Procedural Terrain System, first public release

A very flexible terrain library for jME 2.



Feature list and several demos are available on the project home page.



Today I reviewed and adjusted terrain traversal speeds to accurately reflect human male walking and running speeds (in the Modeler example) and jogging speed (in the SimpleGame examples); and I added added surfacize() methods to make it easy to plug in other surface traversal systems or to automatically place models onto the world surface.

human walk speeds with regards to what? heightmap fidelity of one height value per "jME unit" or what?

MrCoder said:

human walk speeds with regards to what? heightmap fidelity of one height value per "jME unit" or what?


The only thing that makes sense with respect to human walk speeds... with respect to the scale of the game world used in those examples (fidelity to jME height maps or anything else without a game world scale does no good since one jME unit could correspond to any real world size at all).  It isn't arbitrary.  (1)  When in surface traversal mode, the cam height is at the exact position of an average sized human male walker/jogger/runner.  (2) The dirt texture is sized exactly to show gravel, etc. in the correct magnitudes (I wasn't as careful when scaling the other textures, which I adjusted by eyeball).  Both of these factors result in the ability to viscerally feel when the traversal speeds are unrealistic.  Consider these mental experiments:  (1) You drive down the world in your car looking out the windows.  Then everything outside the car, the road, signs, bushes are made 10 x as big.  Drive again and it feels like you are going 10 x as slow.  (2)  Drive down the road in a high pickup truck.  Drive down the same road on a go-cart.  It feels like you are going much faster in the go-cart because you are much closer to the road.

It makes it even easier to get a feel to for realism of the traversal speeds by putting terrestrial objects on the surface.  You can do this easily with Modeler (make sure the surfacize option is set in Settings).  Adjust your model, before loading, so that the origin is where you want the item to sit on the terrain (e.g. origin would be around the sole of the feet of animals with feet).  Your models need to conform to my game world scale, which is 1 game world unit = 1 m.

The terrain system has intuitive settings to scale both terrain (laterally and vertically) and textures to your own game world scale.  You can also independently set resolution as desired (according to your own performance compromise) for height mapping (laterally and vertically) and texture bordering (the resolution of individual textures will be a consequence of the resolution of your input texture image files).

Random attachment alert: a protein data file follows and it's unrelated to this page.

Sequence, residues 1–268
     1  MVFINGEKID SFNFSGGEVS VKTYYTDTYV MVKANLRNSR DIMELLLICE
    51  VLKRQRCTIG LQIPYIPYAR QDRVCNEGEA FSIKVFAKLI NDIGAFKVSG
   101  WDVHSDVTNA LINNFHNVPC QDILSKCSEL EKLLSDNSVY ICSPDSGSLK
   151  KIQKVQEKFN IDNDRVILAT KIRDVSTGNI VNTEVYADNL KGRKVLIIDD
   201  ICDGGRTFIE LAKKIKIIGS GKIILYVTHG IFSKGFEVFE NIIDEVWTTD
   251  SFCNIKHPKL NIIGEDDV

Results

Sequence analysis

i'm mostly interested in the technology aspects behind it. saying anything about achievable flying speeds or sizes of terrain you can render in km etc is useless without knowing the fidelity of the terrain geometry in respect to the units used. not saying you are doing exactly that, but it's very common to hear things like "we can fly over a 100000 mile terrain without hickups" and it proves to be a 16x16 heightmap scaled up a lot (or slow cam close to the ground) :slight_smile:

MrCoder said:

i'm mostly interested in the technology aspects behind it. saying anything about achievable flying speeds or sizes of terrain you can render in km etc is useless without knowing the fidelity of the terrain geometry in respect to the units used. not saying you are doing exactly that, but it's very common to hear things like "we can fly over a 100000 mile terrain without hickups" and it proves to be a 16x16 heightmap scaled up a lot (or slow cam close to the ground) :)


You were asking about where I wrote, "Today I reviewed and adjusted terrain traversal speeds to accurately reflect human male walking and running speeds".  All that is required to model realistic walking/running speeds as I reported is to set the speeds correctly with respect to camera height and texture scales, and I did that.  I agree with you that if somebody makes your hypothetical performance claim, they are making assumptions about resolutions, but I was not making any performance claim, I was just reporting that I was accurately modeling walking/jogging/running speeds (independently of game or engine performance).